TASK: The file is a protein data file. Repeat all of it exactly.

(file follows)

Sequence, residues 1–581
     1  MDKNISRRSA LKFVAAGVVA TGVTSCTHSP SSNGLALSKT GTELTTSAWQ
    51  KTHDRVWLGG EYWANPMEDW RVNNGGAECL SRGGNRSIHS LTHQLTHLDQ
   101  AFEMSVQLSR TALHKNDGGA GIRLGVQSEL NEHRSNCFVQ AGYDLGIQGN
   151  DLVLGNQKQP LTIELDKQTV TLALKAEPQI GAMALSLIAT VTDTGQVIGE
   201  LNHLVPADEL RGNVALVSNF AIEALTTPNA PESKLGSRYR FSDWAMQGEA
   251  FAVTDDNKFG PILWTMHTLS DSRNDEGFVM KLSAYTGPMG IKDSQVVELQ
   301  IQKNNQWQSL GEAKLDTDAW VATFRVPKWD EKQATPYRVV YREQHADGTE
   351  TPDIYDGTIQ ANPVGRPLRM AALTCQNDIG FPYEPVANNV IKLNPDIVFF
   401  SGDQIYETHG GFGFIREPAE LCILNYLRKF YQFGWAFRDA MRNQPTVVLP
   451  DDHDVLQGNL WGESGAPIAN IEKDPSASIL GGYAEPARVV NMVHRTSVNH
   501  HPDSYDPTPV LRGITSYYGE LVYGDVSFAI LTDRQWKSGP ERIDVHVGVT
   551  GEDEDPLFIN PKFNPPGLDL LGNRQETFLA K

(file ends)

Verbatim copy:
Sequence, residues 1–581
     1  MDKNISRRSA LKFVAAGVVA TGVTSCTHSP SSNGLALSKT GTELTTSAWQ
    51  KTHDRVWLGG EYWANPMEDW RVNNGGAECL SRGGNRSIHS LTHQLTHLDQ
   101  AFEMSVQLSR TALHKNDGGA GIRLGVQSEL NEHRSNCFVQ AGYDLGIQGN
   151  DLVLGNQKQP LTIELDKQTV TLALKAEPQI GAMALSLIAT VTDTGQVIGE
   201  LNHLVPADEL RGNVALVSNF AIEALTTPNA PESKLGSRYR FSDWAMQGEA
   251  FAVTDDNKFG PILWTMHTLS DSRNDEGFVM KLSAYTGPMG IKDSQVVELQ
   301  IQKNNQWQSL GEAKLDTDAW VATFRVPKWD EKQATPYRVV YREQHADGTE
   351  TPDIYDGTIQ ANPVGRPLRM AALTCQNDIG FPYEPVANNV IKLNPDIVFF
   401  SGDQIYETHG GFGFIREPAE LCILNYLRKF YQFGWAFRDA MRNQPTVVLP
   451  DDHDVLQGNL WGESGAPIAN IEKDPSASIL GGYAEPARVV NMVHRTSVNH
   501  HPDSYDPTPV LRGITSYYGE LVYGDVSFAI LTDRQWKSGP ERIDVHVGVT
   551  GEDEDPLFIN PKFNPPGLDL LGNRQETFLA K